Rodon faces Twins in twin bill opener

Rodon faces Twins in twin bill opener

The Twins and White Sox will begin a five-game divisional tilt with a doubleheader at Guaranteed Rate Field on Monday. Chicago will trot out left-hander Carlos Rodon in the first game and right-hander Carson Fulmer in the nightcap. Meanwhile, Minnesota will start right-hander Tim Melville in the opener, while right-hander Dillon Gee will go in the nightcap.

Fulmer will make his first Major League start, and first big league appearance this season, when he takes the mound at 4:10 p.m. CT. Fulmer pitched in eight games with Chicago last year, allowing 11 runs across 11 2/3 innings. Rodon (1-4, 4.00 ERA) has a 2.12 ERA over his past four starts, recording 28 strikeouts and six walks across 29 2/3 frames.

Monday will mark Gee's first start with the Twins and second this season. The former Ranger has served as a long reliever with Minnesota, posting a 2.13 ERA in four outings since joining the bullpen. Melville will make his first big league appearance since April 21, 2016, when he was a member of the Reds. Melville has a 4-3 record with a 2.70 ERA in 11 outings (10 starts) for Triple-A Rochester this season.

The Twins enter the series just 2 1/2 games behind the Yankees and tied with the Angels for the second American League Wild Card spot. They will face one team (Royals) with a winning record through Sept. 17.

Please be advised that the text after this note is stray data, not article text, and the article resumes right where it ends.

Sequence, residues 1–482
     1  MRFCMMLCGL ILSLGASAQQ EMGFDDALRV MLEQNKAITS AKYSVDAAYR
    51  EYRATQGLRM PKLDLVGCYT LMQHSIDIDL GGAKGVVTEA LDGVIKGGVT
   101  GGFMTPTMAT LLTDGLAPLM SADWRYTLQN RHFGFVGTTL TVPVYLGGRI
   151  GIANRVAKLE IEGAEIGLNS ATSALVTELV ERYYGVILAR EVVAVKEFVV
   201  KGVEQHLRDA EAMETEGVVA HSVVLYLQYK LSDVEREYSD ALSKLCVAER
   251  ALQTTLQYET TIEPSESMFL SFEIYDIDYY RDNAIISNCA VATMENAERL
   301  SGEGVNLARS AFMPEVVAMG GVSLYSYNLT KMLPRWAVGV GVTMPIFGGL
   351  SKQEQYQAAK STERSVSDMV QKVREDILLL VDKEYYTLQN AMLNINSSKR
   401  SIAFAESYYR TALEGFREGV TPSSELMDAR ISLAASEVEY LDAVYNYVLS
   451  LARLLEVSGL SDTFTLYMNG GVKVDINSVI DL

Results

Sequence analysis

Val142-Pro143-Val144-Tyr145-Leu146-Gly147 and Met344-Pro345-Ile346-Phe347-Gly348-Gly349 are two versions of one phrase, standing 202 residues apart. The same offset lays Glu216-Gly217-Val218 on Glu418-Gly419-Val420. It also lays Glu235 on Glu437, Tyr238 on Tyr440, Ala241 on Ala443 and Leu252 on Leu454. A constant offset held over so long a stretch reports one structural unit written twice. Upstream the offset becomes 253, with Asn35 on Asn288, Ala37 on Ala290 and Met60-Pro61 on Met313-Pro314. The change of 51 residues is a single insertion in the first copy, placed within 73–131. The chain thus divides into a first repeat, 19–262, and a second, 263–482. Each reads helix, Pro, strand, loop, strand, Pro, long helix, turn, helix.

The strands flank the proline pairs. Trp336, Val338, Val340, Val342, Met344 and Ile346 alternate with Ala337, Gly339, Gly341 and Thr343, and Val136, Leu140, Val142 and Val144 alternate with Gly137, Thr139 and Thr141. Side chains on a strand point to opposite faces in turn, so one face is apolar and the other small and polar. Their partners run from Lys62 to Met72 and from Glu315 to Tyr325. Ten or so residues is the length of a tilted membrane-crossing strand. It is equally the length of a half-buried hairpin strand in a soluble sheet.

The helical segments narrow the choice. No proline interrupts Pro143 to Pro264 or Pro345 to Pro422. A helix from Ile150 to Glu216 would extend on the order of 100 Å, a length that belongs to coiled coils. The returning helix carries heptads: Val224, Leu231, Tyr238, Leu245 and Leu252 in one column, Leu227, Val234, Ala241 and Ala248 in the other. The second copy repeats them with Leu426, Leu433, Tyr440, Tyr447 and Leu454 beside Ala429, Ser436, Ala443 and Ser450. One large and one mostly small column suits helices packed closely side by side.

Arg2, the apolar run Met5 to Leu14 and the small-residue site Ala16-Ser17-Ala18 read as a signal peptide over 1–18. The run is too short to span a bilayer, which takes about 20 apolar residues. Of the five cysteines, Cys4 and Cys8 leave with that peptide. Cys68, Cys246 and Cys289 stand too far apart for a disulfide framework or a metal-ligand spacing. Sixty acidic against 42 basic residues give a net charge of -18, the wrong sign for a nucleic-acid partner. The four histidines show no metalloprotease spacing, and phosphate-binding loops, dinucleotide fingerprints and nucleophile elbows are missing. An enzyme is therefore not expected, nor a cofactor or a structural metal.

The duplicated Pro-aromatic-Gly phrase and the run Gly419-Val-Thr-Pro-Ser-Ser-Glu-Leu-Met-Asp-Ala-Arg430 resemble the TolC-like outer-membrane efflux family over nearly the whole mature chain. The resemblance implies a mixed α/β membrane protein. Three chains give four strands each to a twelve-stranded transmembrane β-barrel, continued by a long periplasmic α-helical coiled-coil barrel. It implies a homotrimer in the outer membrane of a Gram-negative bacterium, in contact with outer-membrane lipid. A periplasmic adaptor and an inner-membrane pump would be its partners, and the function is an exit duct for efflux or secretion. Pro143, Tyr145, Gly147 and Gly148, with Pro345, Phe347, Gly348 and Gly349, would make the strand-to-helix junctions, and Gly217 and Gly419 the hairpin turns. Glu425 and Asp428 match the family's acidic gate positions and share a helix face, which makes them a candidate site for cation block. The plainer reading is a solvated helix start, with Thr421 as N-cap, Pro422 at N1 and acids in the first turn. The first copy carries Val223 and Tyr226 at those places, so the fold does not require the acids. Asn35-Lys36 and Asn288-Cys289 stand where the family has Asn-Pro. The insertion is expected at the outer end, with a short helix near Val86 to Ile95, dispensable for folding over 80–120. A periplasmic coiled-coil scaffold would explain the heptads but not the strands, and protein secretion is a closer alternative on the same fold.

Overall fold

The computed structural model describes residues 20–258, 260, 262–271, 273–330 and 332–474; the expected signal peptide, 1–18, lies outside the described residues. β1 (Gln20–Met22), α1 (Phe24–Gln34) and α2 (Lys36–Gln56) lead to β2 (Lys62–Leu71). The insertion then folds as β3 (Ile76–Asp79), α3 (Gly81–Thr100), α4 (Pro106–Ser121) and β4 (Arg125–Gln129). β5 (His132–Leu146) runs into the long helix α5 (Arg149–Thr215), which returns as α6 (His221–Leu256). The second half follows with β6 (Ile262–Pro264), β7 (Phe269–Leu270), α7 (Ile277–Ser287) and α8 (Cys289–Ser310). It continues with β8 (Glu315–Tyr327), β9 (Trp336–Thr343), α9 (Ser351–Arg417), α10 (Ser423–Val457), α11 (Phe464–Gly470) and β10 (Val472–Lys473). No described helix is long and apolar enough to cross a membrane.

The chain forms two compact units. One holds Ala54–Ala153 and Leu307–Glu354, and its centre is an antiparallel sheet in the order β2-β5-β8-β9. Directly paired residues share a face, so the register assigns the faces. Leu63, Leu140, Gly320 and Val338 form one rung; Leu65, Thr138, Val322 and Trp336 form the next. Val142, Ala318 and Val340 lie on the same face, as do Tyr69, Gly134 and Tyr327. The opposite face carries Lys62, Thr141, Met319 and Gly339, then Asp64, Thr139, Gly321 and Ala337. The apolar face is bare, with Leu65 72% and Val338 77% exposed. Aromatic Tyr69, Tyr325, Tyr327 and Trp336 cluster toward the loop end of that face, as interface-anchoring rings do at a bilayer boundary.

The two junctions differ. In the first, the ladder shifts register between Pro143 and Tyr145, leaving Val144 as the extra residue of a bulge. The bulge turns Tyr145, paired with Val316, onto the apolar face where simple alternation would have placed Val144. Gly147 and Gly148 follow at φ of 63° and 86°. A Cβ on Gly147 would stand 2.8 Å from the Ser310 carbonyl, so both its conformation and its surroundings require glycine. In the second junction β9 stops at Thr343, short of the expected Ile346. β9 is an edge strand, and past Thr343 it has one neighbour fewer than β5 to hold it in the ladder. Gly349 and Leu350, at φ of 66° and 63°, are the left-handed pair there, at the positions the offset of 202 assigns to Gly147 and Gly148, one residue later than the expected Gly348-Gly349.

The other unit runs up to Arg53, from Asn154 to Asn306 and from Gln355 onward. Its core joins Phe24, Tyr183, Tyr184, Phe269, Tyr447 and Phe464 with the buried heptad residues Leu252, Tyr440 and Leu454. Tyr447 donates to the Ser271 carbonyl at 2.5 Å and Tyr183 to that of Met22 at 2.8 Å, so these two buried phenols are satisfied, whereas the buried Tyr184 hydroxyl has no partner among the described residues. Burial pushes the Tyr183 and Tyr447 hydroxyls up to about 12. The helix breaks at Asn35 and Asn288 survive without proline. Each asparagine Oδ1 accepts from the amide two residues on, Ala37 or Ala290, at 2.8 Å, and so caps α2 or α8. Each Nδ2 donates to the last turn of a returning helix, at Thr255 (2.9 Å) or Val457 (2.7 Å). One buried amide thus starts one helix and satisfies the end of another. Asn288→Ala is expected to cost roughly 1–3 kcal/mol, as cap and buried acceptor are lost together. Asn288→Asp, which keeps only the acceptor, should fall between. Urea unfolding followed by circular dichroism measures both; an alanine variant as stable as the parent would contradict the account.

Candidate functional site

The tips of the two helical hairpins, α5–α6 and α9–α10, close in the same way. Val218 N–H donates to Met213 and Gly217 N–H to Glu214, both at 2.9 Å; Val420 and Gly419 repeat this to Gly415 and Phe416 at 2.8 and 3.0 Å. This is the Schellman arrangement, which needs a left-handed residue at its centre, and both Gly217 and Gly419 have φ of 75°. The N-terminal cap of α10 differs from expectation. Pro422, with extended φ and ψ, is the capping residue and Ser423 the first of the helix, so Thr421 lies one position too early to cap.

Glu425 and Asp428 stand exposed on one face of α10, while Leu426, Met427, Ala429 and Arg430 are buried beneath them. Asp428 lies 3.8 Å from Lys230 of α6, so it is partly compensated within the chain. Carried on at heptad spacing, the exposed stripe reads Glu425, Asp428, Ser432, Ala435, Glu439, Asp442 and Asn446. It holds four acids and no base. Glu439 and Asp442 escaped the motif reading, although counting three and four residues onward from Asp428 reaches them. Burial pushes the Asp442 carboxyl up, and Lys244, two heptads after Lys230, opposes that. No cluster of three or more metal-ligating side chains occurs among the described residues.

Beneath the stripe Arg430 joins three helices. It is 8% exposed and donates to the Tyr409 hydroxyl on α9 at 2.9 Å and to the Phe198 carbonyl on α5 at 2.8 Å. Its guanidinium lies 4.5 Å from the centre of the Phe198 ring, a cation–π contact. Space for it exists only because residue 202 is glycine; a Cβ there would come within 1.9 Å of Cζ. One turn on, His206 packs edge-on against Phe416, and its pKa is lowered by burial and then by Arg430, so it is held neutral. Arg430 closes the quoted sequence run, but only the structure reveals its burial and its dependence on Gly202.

Three things to know about this game

• This will be the Twins' second doubleheader over the past five days after splitting a twin bill with Cleveland on Thursday. Monday marks Minnesota's sixth doubleheader this season.

• Minnesota has won seven of 11 meetings with Chicago, outscoring the opposition by five runs. The White Sox and Twins will square off in eight of their next 11 games.

• Rodon has allowed at least one homer in each of his past seven games, dating back to July 9. That is tied with Corey Kluber and Taijuan Walker for the longest active streak in the Majors.

Shane Jackson is a reporter for based in Minneapolis. This story was not subject to the approval of Major League Baseball or its clubs.